3. Test the soil nutrient availability
4. Test the water quality
5. Consider weather factors
6. Determine the bird activity associated with grasses
7. Select beneficial grasses to be retained
8. Identify the problematic species that are attractive to birds (produces seeds prolifically, susceptible to insect pests, provides nesting materials and sites to birds)
9. Logical calculation of grass height to be maintained in each season with respect to birds you have.
10. Develop a 12 month calendar for grass maintenance.
Once developed, the program helps in micro-managing grass maintenance to reduce bird activity. One can target spraying of insecticides/weedicides at a particular patch (instead of entire airport). Beneficial grasses can be left untouched or encouraged to grow. Grass management being done at Jamnagar airport based on such studies is helping airport authorities to save (cost) on manpower, insecticide/weedicides while reducing the bird attraction next to runway.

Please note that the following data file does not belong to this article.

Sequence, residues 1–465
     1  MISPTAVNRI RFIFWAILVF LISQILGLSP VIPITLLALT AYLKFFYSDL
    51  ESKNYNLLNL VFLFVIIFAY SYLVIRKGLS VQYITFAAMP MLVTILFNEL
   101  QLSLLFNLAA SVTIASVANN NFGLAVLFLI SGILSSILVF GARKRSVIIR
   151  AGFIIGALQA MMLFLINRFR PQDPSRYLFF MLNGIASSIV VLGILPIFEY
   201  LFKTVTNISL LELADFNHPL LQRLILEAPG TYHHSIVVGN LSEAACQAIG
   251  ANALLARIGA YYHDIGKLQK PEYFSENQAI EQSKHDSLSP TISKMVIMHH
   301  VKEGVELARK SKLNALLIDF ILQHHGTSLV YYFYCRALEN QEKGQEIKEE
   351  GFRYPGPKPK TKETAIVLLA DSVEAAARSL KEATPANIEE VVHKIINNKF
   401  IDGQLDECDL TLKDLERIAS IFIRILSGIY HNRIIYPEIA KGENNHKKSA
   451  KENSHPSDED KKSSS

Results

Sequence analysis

Conclusion
Since it is impossible to completely avoid birds whether an airport has grass or not, the model should consider using local beneficial grasses and variation in grass height in different seasons for managing birds. Flexible height based management helps in minimizing the cost of operations while maximizing the benefit. Minimum possible reduction in attraction of birds to turf, an airport can achieve, is only possible by going in for logical grass management and not by having a uniform grass stretch.
Comtributed by - SS Mahesh, CEO, Via Life Sciences, Bengaluru